3. Yes; I think he means that the rhythm resembles two dactylic feet in a Homeric hexameter, and thus has a Hellenic sound ("ring"), like S's name (though Greek verse is based on quantity, not stress, so the parallel isn't quite exact). His mind then characteristically jumps to the thought of Athens.

4. I think so, yes: the aunt whose skivvy's mirror Buck has appropriated, and who thinks Stephen killed his mother.

5. I think he means that S. has the genuine air of an Oxford scholar, which puzzles Haines, who thinks that S. is "not a gentleman".

6. I would say to Haines. ("Were you in a funk?" suggests justified fear.)

All the best,

MrP
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Ulysses (James Joyce) - A literary discussion #338 (permalink) Tue Sep 23, 2008 11:56 am   Ulysses (James Joyce) - A literary discussion
 

Hello MrP, good evening!

Thank you for your broadscaled and deepembedded insightful comments. Another trifle's come up:

Quote:
He broke off and lathered again lightly his farther cheek. A tolerant smile curled his lips.


1. I would take 'farther' here as 'other'. Is it possible to suggest as well his more distant cheek from S's view?

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Ulysses (James Joyce) - A literary discussion #339 (permalink) Tue Sep 23, 2008 12:06 pm   Ulysses (James Joyce) - A literary discussion
 

.
I think this is an easy one-- yes, but primarily more distant. It is more visual than 'other'.
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Ulysses (James Joyce) - A literary discussion #340 (permalink) Tue Sep 23, 2008 12:13 pm   Ulysses (James Joyce) - A literary discussion
 

Thank you, MM. And one more:

Quote:
-- But a lovely mummer! he murmured to himself. Kinch, the loveliest mummer of them all!


2. I'd think 'mummer' has a pun on the following 'murmured'. Among its three possible meanings, a. a masked or costumed merrymaker; b. one who acts or plays in a pantomime; c. an actor, which is most appropriate to the context or B's intention?

All the best,

Haihao
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Ulysses (James Joyce) - A literary discussion #341 (permalink) Tue Sep 23, 2008 12:29 pm   Ulysses (James Joyce) - A literary discussion
 

.
Probably a combination of a and c (and what else should we expect of JJ?)-- Kinch the knife blade and Stephen Hero acting in front of everyone. Funny, but I would discount the obvious alliteration. And I don't recall any specific mummery- perhaps MrP does.
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Ulysses (James Joyce) - A literary discussion #342 (permalink) Wed Sep 24, 2008 1:30 am   Ulysses (James Joyce) - A literary discussion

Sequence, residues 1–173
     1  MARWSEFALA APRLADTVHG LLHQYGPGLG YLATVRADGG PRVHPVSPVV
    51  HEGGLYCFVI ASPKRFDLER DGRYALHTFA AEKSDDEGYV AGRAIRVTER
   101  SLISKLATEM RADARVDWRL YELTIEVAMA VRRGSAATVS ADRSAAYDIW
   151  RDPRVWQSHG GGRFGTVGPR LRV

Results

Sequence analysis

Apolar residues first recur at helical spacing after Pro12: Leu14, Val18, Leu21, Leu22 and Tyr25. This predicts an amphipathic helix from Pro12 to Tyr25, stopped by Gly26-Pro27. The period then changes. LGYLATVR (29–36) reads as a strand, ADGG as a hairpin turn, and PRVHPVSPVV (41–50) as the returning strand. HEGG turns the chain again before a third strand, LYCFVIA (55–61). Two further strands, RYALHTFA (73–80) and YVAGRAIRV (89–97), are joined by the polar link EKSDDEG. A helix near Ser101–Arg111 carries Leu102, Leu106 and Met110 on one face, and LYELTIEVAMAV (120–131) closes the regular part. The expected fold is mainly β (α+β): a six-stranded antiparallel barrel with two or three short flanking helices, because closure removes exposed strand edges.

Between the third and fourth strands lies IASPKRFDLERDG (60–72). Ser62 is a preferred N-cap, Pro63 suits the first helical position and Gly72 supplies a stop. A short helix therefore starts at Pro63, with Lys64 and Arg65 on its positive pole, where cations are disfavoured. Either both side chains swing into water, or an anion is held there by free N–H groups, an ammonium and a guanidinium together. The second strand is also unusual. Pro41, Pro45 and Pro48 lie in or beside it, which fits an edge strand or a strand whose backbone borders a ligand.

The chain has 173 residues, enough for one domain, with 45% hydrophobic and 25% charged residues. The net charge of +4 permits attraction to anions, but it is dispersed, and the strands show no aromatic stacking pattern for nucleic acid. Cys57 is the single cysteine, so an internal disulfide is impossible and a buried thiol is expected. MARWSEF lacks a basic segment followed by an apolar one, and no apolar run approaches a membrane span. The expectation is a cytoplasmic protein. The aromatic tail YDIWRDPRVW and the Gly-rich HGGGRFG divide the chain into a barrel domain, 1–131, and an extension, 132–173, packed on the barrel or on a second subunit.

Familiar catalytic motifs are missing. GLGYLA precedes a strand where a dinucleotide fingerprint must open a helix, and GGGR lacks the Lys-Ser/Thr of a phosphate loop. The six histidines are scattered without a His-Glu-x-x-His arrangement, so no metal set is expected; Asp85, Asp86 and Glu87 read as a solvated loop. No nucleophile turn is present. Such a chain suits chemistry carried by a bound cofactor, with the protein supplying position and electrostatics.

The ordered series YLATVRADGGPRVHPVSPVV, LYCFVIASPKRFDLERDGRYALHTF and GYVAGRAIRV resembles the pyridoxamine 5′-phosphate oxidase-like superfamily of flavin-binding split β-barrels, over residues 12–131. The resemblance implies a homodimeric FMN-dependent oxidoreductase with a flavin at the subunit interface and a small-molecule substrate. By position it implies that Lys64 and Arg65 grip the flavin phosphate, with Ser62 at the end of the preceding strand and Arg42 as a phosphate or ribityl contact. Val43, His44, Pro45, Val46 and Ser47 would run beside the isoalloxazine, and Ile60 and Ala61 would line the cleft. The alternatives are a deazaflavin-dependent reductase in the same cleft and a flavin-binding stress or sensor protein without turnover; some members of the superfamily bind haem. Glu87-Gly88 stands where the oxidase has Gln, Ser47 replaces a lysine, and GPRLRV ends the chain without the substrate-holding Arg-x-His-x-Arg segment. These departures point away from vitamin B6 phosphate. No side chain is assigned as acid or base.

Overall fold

Thank you, MM, for your comment about S's acting in front of everyone, which reminded me that B likes to call S 'our bard', which could have been his 'specific mummery'?

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Ulysses (James Joyce) - A literary discussion #343 (permalink) Wed Sep 24, 2008 4:40 am   Ulysses (James Joyce) - A literary discussion
 

.
Yes, and note this definition of mummery:

2. any performance, ceremony, etc., regarded as absurd, false, or ostentatious.

.
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Ulysses (James Joyce) - A literary discussion #344 (permalink) Thu Sep 25, 2008 2:17 am   Ulysses (James Joyce) - A literary discussion
 

I am puzzled as well by this one:

Quote:
Stephen, an elbow rested on the jagged granite, leaned his palm against his brow and gazed at the fraying edge of his shiny black coatsleeve. Pain, that was not yet the pain of love, fretted his heart. Silently, in a dream she had come to him after her death, her wasted body within its loose brown graveclothes giving off an odour of wax and rosewood, her breath, that had bent upon him, mute, reproachful, a faint odour of wetted ashes. Across the threadbare cuffedge he saw the sea hailed as a great sweet mother by the wellfed voice beside him. The ring of bay and skyline held a dull green mass of liquid. A bowl of white china had stood beside her deathbed holding the green sluggish bile which she had torn up from her rotting liver by fits of loud groaning vomiting.


1. Normally is it leaned his brow against his palm more natural?
2. Is this a trans-subject to describe 'she bent over him and he felt her breath upon him?
3. From his attitude of 'Across the threadbare...' does it suggest another cross and bowl, like Buck's earlier, holding 'dull green mass of liquid' and 'A bowl of white china had stood beside her deathbed holding the green sluggish bile'?
4. I couldn't determine the objest for 'torn up'. I suppose it would be 'which' (the bile) but a little unnatural and the following 'vomiting' could as well act as its gerund.

Thank you!

Haihao
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Ulysses (James Joyce) - A literary discussion #345 (permalink) Thu Sep 25, 2008 3:47 am   Ulysses (James Joyce) - A literary discussion
 

.
1. Normally is it leaned his brow against his palm more natural?-- I think it can be viewed and written either way. JJ does have a tendency to choose the road less taken.

2. Is this a trans-subject to describe 'she bent over him and he felt her breath upon him?-- She bent over him and breathed upon him.

3. From his attitude of 'Across the threadbare...' does it suggest another cross and bowl...'?-- I am not one who subscribes to allusions in every word that JJ writes; I see it as a very graphic visual image only. The 2 mothers, of course, should be considered and compared.

4. I couldn't determine the object for 'torn up'. I suppose it would be 'which' (the bile) but a little unnatural and the following 'vomiting' could as well act as its gerund.-- The object of 'torn up' is 'bile'. 'Vomiting' is a gerund, 'groaning' is an adjective. Via short violent periods of vomiting (accompanied by loud groans), she tore the bile up from her liver. What part seems unnatural to you (I mean of the original, not my awkward paraphrase)?
.